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UC Berkeley Professor: A Condom Per Day Keeps Climate Change Away
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At a talk this week on “Condoms and Climate” given at the Commonwealth Club of California, leading author Alan Weisman and University of California, Berkeley Dr. Malcom Potts advocated for family planning as a means of reducing global greenhouse gas emissions, reports Population Growth.
Weisman noted every 4.5 days a million people are added to the planet, saying “there is no question humans have become more numerous than nature intended.”
In Potts’ opinion, family planning is the most cost-effective way to reduce carbon and that voluntary family planning services are in demand.
There are 222 million women around the world who want to plan their families, but have an unmet need for modern contraception, he said. Making it available to women and men is estimated to cost $8 billion a year—about a billion dollars more than what Americans spent on Halloween in 2013.
Potts said “when you respect women and give them choices, fertility goes down” and that the world has been “blind and stupid” about not offering family planning to those who want it.
He pointed to Thailand’s success in lowering its total fertility rate in the 1970s. One such effort to reduce it was the innovative Cabbages and Condoms restaurant in Bangkok, started by a man who believed birth control should be as easy as buying cabbage from the market. The restaurant also promotes safe-sex education.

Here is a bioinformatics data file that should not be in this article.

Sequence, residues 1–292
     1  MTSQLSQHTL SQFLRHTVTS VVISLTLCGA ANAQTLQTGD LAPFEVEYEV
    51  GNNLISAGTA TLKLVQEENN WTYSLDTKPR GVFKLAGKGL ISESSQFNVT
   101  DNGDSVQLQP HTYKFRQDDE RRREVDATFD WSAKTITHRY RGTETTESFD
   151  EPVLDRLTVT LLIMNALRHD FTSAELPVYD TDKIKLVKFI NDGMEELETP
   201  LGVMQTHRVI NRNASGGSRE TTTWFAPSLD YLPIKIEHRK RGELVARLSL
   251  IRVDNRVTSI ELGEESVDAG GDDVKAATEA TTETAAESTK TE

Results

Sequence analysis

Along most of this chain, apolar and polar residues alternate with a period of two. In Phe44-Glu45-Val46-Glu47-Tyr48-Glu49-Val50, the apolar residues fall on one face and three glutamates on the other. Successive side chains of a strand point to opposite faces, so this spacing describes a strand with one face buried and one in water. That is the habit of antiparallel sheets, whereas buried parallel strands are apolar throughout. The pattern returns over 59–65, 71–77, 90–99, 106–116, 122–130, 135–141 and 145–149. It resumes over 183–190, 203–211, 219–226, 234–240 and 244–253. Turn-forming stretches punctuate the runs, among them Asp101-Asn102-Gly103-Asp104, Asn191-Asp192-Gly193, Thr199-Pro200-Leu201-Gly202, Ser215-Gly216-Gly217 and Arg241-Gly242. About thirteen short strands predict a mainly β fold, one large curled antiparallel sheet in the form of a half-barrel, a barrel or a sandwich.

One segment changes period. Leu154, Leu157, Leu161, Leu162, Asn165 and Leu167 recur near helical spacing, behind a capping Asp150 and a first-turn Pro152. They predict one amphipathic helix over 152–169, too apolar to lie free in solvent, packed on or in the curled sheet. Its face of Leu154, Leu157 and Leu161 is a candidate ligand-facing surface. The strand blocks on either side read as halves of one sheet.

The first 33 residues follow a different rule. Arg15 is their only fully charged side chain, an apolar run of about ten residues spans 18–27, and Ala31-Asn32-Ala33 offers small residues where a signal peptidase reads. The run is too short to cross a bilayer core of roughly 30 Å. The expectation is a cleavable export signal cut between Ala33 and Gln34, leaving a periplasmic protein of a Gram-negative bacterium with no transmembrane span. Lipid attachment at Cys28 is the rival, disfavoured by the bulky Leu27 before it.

Weisman, who brought the discussion back toward climate change and population growth, stated the problem is simply that we have more people demanding more stuff, resulting in more carbon dioxide.
Last year, carbon dioxide levels hit 400 parts per million. “There hasn’t been this much carbon in the atmosphere in 3 million years,” he said. And with projections that world population will be 9.6 billion by 2050, with more middle and upper class people consuming more stuff, temperatures and carbon levels will continue to rise, according to Population Growth.
Potts believes by heavily investing in family planning, the population could decline to 6 billion by 2099.
In the meantime, addressing the needs of the planet's 7 billion-plus is a daunting task, especially in terms of food. And even though Norman Borlaug's Green Revolution averted mass famine in the 1970’s, people can't solely rely on technology to rectify the problem. In fact, Weisman said Borlaug warned this would only buy humanity a little time and that it would have to eventually confront burgeoning population growth.
Weisman, saying a warming world is only going to exacerbate food security, cited a National Academy of Science report statistic that for every one degree of Celsius warming, crop yields drop 10 percent.
Reducing consumption also proves critical, according to Weisman, as he called out the global meat industry for 51 percent of worldwide greenhouse emissions.
Some of the best solutions, said Potts, are universal family planning, investing in girls’ education, raising the age of marriage and ending child marriage.
These are the comprehensive steps that can lower carbon footprints and result in healthier lives and a cleaner, more stable environment, he said.
Visit EcoWatch’s HEALTH page for more related news on this topic.
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